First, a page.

On Thu, 12 Jan 2017 14:33:11 +0100,
Ludwig Nussel wrote:
Richard Brown wrote:
On 12 January 2017 at 12:05, Stefan Seyfried
On 11.01.2017 10:19, Bruno Friedmann wrote:
Also Jason, with Leap it's still not too
risky to use the kernel-stable
repository, I know it is not a messy devel project ;-)
Richard will not approve that option :-P
You might be surprised, see below :-P
On 12 January 2017 at 12:23, Stefan Seyfried
On 12.01.2017 10:06, Jiri Slaby wrote:
Despite of all that, I still prefer the SLE
kernel. If people are able
to make linux working on new machines, they are enough experienced to
zypper ar Kernel:stable. Leap + K:stable usually cures most of the
issues of new notebooks for me.
So the default would be SLE kernel, but there's an option somewehere
in the system (it might be a pre-added but not activated
Kernel:stable repository or some script that add the repo and
installs a newer kernel in addition to the old
one) that allows relatively unexperienced users make their system work.
I quite like the idea. In order to do it in a way that I think I could
approve (or more importantly, that would be a robust, sensible way for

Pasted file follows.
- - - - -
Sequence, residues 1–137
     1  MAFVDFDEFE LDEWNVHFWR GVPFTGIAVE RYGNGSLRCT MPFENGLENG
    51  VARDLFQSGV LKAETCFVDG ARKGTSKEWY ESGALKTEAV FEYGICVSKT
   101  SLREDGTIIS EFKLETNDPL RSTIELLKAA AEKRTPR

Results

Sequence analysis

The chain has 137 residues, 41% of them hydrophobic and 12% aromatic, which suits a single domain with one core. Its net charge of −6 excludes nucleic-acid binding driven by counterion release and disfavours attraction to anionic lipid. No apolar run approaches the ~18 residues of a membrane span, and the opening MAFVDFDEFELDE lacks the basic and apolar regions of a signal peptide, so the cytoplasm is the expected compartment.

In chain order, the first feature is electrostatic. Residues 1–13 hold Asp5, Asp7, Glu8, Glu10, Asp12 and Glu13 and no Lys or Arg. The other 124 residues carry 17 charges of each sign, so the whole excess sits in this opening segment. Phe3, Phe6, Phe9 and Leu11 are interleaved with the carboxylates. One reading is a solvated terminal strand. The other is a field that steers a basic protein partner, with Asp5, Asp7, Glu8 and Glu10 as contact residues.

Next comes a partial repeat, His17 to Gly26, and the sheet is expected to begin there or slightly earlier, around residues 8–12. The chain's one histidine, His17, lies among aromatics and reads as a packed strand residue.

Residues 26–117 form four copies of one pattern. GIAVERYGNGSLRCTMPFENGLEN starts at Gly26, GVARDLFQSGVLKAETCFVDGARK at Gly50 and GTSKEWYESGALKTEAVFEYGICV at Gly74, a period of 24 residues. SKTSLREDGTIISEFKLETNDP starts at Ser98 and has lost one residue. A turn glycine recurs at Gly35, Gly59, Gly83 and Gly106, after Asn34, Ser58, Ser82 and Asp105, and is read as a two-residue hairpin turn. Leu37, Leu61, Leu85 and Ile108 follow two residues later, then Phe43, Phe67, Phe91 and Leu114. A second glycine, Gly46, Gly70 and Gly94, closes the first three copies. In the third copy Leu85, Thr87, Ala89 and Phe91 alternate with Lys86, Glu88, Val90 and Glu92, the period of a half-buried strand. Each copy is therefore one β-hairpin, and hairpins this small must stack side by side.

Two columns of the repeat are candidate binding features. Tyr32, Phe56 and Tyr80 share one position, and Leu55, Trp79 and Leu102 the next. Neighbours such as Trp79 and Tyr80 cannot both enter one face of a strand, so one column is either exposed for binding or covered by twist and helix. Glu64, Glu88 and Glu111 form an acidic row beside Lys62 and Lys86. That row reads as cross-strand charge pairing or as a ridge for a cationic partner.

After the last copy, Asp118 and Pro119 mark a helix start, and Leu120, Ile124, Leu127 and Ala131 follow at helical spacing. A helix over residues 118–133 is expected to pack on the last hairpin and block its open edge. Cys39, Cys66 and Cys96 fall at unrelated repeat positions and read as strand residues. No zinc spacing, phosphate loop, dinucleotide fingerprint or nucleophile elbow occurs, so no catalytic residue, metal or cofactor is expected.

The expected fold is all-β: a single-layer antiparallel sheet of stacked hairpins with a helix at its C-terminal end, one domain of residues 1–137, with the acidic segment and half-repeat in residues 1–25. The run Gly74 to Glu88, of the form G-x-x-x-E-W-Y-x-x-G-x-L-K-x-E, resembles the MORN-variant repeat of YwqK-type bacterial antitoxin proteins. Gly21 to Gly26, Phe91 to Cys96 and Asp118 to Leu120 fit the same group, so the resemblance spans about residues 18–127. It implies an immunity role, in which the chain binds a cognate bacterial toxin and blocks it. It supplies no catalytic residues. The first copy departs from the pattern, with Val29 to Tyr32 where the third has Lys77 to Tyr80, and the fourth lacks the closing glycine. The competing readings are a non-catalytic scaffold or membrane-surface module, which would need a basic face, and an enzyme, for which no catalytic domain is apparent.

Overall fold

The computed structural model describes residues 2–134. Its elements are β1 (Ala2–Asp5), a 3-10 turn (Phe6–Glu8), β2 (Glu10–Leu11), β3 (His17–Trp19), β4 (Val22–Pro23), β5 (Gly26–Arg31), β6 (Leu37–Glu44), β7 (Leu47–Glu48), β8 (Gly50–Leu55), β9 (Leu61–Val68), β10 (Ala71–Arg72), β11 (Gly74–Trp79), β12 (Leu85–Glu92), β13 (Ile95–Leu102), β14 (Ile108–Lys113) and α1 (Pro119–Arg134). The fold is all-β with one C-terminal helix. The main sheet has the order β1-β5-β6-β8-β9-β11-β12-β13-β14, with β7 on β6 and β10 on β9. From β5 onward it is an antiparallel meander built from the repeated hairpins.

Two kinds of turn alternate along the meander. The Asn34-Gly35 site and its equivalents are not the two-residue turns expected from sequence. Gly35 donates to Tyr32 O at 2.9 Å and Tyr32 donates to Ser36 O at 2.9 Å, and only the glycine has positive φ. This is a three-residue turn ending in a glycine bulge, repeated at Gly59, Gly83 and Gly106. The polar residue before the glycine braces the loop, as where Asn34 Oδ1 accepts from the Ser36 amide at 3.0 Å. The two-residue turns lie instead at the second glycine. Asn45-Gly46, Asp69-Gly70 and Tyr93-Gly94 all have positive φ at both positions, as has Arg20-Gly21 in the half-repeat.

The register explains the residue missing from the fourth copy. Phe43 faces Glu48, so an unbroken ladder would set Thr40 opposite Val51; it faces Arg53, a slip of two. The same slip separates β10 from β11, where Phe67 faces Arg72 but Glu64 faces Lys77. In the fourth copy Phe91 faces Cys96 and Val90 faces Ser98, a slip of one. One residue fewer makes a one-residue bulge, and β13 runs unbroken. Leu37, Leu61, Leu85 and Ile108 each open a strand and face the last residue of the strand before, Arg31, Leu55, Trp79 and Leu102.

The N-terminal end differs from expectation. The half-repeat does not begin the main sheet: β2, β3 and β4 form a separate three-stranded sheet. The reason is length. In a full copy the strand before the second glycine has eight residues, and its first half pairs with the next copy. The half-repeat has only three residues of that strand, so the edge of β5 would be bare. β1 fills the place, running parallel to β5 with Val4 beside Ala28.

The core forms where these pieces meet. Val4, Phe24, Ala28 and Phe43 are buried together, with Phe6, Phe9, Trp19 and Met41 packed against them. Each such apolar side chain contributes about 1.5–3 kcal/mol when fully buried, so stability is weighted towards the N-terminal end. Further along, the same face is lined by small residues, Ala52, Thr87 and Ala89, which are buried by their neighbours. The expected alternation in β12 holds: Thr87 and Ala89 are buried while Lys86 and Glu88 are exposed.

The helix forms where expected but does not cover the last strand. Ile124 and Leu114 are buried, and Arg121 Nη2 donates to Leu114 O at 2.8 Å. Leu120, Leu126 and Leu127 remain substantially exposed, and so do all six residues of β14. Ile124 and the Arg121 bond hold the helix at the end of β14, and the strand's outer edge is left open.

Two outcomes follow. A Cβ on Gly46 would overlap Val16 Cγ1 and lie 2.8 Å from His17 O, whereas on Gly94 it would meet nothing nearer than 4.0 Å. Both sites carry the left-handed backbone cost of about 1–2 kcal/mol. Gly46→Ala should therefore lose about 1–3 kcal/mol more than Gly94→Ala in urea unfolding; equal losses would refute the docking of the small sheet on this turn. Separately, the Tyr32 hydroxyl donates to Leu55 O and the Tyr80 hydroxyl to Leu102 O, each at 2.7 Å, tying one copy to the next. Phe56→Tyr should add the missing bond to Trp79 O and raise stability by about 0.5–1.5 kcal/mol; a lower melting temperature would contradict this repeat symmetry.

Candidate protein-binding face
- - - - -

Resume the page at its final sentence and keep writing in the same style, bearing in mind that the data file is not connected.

the openSUSE Project to stake it's reputation on) we would require
something like the following criteria:
1. Some kind of formal submission review separate from the current
2. Some kind of formal testing process. This would be to catch actual
3. Some kind of formal release process. Which upstream kernel versions
What about just using maintenance updates? All points solved there
Right, it can be done in a similar manner as TW, but do MR instead of
SR. We may even delay the submission until 4.x.1 or later is
released, where usually it catches up the pending stable fixes, and
often regressions are already covered there.
(BTW, we do care security fixes on Kernel:stable, too; usually it ends
up with just a +1 version bump in the case of stable branch, thus it
doesn't look obvious like others.)
That "latest upstream kernel" just needs a
kernel-default so it can coexist in the official repo.
It's a dilemma. We certainly want to avoid the growth of kernel
flavors, while it looks inevitable in this case...
One another question is how to keep 3rd party drivers (Nvidia, VMware,
VirtualBox, etc) working with this.
If the 3rd party support is assured, it's a really good option, IMO.
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